Emanuel doesn’t stop there though, and also wants us to buy QQQ puts in the money and sell “further out” QQQ puts. This has us long the QQQ ETF, betting on it going down by buying the put, and collecting a little change if it doesn’t go up or by more than this 10-15% but potentially paying a lot if it goes outside this range. That’s a lot to get your head around for investors who are made dizzy by such a thing but not enough to not be able to reach into their pockets.

It’s not made clear what “further out” cashes out to but this will at least get you more than the pocket change that you would get from selling his out of the money calls he wants you to sell, which both pay far too little in comparison to their risk. Selling a 15% out of the market call gets you this 24 cents, but you can get almost 2 bucks for selling a put 15% out of the market, which not only tells us that options traders consider a 15% loss much more likely than a 15% gain, it also only pays chump change on the selling the call side.

No one should be tempted by selling this call, but if you sell the put, some may indeed be tempted at this much higher premium. Are you really that confident that the QQQ won’t drop this much by August 7 though? This number has been calculated by market participants that have a better idea of how things will go than typical investors, and if we are to have an edge here, it is only because they have a better idea of the price that this contract should be at then the market does.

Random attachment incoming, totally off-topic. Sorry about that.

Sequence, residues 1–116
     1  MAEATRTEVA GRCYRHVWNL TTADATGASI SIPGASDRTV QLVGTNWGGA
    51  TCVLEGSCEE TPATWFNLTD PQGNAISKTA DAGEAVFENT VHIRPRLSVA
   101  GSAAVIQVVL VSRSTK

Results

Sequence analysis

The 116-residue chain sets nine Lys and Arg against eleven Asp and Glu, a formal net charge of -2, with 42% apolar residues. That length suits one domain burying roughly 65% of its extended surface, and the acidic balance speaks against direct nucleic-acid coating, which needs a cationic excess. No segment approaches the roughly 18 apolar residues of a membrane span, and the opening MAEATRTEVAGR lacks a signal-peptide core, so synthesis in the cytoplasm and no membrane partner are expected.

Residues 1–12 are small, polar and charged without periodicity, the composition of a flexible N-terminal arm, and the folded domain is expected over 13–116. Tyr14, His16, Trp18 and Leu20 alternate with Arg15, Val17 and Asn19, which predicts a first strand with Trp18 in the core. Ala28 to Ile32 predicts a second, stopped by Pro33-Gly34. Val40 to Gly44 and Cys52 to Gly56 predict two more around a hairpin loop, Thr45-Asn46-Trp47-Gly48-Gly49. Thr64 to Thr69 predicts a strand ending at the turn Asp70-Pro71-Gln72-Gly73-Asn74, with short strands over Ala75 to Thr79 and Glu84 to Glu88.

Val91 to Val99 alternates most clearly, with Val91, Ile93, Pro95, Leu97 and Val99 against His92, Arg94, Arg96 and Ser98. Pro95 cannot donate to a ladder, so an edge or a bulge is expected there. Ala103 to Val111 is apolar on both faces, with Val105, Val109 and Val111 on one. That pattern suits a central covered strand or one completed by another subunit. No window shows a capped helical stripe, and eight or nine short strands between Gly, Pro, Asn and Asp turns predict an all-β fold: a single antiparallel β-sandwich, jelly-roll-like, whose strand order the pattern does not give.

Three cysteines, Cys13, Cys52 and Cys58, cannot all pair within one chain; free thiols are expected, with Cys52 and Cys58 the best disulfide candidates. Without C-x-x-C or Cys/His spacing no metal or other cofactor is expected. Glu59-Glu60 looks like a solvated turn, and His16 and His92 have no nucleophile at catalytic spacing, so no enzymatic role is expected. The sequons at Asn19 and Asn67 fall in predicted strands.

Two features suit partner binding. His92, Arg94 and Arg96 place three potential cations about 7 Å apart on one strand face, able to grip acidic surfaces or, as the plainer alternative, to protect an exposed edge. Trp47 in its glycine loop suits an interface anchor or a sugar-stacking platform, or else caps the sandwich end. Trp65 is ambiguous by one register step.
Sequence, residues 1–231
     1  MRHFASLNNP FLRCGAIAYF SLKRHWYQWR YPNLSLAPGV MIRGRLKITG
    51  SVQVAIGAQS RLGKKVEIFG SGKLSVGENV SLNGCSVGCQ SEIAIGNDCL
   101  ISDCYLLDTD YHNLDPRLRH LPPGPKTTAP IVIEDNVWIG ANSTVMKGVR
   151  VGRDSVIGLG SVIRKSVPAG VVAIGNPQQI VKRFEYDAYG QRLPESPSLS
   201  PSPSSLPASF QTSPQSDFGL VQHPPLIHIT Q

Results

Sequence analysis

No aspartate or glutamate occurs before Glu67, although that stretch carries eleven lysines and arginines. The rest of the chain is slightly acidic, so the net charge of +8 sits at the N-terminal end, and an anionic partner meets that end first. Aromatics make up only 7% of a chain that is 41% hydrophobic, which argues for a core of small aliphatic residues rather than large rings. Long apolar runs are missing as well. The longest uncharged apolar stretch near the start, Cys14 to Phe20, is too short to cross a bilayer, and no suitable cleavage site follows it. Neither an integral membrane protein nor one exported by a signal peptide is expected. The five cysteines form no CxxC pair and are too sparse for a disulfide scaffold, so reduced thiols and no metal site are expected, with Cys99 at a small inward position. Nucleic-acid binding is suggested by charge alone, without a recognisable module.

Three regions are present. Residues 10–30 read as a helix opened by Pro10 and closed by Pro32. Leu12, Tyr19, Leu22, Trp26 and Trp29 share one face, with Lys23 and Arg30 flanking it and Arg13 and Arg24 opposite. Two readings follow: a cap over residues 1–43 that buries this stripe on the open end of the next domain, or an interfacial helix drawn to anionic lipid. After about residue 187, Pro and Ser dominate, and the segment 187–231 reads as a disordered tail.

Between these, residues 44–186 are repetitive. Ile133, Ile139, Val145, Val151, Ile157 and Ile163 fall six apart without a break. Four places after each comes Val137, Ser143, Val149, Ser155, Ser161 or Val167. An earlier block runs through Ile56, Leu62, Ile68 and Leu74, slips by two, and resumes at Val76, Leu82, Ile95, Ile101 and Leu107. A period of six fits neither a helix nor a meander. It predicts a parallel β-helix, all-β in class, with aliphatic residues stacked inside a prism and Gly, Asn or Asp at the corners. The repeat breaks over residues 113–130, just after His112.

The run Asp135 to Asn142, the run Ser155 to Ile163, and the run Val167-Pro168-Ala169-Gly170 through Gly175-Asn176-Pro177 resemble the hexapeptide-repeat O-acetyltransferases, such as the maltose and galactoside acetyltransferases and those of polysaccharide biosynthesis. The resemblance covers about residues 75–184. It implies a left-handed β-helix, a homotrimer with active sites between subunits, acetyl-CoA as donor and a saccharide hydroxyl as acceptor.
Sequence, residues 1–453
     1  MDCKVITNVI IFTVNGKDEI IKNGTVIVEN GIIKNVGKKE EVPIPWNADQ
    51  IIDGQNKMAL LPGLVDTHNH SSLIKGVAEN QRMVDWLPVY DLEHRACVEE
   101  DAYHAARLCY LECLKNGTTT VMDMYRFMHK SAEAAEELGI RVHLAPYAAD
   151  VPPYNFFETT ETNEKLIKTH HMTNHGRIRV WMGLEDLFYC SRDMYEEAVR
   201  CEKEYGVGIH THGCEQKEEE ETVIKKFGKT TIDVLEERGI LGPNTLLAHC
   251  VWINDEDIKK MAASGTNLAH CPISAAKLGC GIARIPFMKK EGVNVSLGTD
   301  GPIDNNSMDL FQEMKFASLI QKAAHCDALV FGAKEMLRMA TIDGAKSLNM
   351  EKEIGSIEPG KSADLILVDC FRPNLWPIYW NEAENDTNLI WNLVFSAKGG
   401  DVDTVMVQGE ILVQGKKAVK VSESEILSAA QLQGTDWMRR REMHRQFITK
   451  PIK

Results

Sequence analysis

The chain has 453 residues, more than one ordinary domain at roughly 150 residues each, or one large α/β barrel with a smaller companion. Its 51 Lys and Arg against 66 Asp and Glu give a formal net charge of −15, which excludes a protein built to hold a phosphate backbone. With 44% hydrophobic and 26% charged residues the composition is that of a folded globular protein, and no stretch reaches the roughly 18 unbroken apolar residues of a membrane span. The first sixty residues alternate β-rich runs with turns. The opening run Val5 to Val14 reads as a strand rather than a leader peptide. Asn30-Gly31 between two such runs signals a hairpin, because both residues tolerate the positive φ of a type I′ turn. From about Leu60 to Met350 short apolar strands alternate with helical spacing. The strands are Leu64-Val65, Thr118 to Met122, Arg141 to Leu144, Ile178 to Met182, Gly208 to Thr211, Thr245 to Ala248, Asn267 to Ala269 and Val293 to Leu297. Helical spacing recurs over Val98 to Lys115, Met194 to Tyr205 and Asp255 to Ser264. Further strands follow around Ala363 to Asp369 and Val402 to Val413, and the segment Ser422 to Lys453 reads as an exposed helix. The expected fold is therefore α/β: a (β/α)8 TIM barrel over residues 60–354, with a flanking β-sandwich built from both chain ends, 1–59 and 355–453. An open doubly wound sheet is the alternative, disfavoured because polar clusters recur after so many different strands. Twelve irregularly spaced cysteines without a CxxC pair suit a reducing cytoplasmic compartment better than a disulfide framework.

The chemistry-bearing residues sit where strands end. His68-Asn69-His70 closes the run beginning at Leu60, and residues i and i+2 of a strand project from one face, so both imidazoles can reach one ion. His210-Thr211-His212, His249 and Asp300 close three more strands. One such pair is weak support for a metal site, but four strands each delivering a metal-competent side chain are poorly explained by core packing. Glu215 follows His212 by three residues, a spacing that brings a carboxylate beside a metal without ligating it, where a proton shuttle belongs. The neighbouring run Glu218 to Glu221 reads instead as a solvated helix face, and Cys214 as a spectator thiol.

There are options traders who actually are good enough to do this, but if you are an investor just taking trades from people like Emanuel, you are not among them, simply because you don’t have a proven record of doing this. Perhaps most importantly, you won’t have Emanuel holding your hand in the trade, as once you jump in, you are on your own. You certainly don’t want to treat any options selling as a one and done thing, because they can really blow up on you and do require skilled attention at various times, especially when the heat gets turned up on you.

He also wants us to buy puts at the money, which is at least a hedge and not trying to use options to speculate, and even writing them is speculating because you’re out to win money and not just prevent losses as hedges serve to do.

The problem with buying puts at the money is that they aren’t cheap, and costs $9.45 right now. If QQQ stays the same, you lose $9.45, and if you tailor your position to completely hedge this, this options trade still costs you $9.45 if QQQ goes up, which comes right off of your profits being long the ETF. They cancel themselves out on both sides and just yield the cost of the option. This is a great idea if you just want to lose the premium and spin your wheels otherwise, but if that’s justifiable, we should just save the premium as well and get out.

There is also no upside to this, no way that you can make a profit, although this does let you spin around the driveway for a little over a month basically. Not losing much is better than losing a lot, but this is a lot to pay for just a little over a month of hedging, if we can even call it this, and if you want to do it the next month you are going to need to pay a similar price for that.